The Connection between Mental Health and Physical Health
Your mental health and physical health are closely linked. This is why you might feel down when you are ill or are experiencing physical health challenges. Of course, this applies to more than a cold or the flu, which might make you feel glum for a few days. Taking care of your physical health—including your hearing—can benefit your mental health.
For just a moment, forget about learning how good your hearing is and whether you need treatment. The simple act of getting your hearing checked signals to your mind that you are taking care of your physical health and being proactive, which can lead to improved mood and mental health. Even before you learn the results of your hearing test, you may notice an elevated mood. Putting in the time and effort to take care of yourself physically can pay off in your mental health.
The Link between Hearing Health and Depression
Numerous studies have shown that hearing loss and depression are linked. Adults with hearing loss, especially untreated hearing loss, are more likely to suffer from depression. While this doesn’t mean you will definitely experience depression if you have hearing loss, it is certainly a link to be aware of.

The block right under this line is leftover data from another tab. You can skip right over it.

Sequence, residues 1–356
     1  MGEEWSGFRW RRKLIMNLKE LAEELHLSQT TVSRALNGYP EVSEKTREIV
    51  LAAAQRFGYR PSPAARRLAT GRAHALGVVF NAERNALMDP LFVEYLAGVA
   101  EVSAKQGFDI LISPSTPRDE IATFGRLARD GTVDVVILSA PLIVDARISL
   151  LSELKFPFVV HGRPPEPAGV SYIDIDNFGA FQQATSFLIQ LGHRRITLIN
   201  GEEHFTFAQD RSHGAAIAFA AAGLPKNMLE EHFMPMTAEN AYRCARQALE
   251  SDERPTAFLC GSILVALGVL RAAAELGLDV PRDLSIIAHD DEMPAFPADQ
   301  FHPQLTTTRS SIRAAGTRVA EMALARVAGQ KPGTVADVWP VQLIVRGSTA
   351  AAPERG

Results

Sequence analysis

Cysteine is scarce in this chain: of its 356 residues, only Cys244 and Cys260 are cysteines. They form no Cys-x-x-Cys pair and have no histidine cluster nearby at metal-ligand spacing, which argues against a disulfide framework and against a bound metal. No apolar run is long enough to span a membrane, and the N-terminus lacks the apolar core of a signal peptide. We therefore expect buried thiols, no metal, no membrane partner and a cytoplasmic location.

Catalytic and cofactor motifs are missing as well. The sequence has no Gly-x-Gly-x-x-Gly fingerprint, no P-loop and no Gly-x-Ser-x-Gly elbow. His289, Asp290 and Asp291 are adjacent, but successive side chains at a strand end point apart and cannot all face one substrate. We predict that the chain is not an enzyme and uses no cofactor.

Because of this connection, it is important to get your hearing checked on a regular basis. This will enable you to better understand the current state of your hearing health and take action if needed. Again, those with untreated hearing loss are at a greater risk for depression, so getting tested and treating any hearing loss can help to lower your risk for depression and improve your mood. You can also feel good from knowing that you are taking care of both your physical and mental health by having your hearing checked.
Address Hearing Loss Directly
In retrospect, many people find that they did not address their hearing loss as directly as they wish they would have. Perhaps they were in denial that they were experiencing hearing loss, or maybe they were reluctant to use hearing aids. On an unconscious (or in some cases, conscious) level, these people knew they were leaving their hearing health untreated.
Being proactive and addressing hearing loss directly can boost your mood and help you feel good about yourself and how you are caring for your health. In addition, being more direct about taking care of your hearing can be beneficial in helping you get the treatment you need for hearing loss.
For more information about how getting your hearing checked can improve your mood, or to schedule your appointment for a hearing test with our professional team, we welcome you to contact our hearing practice today.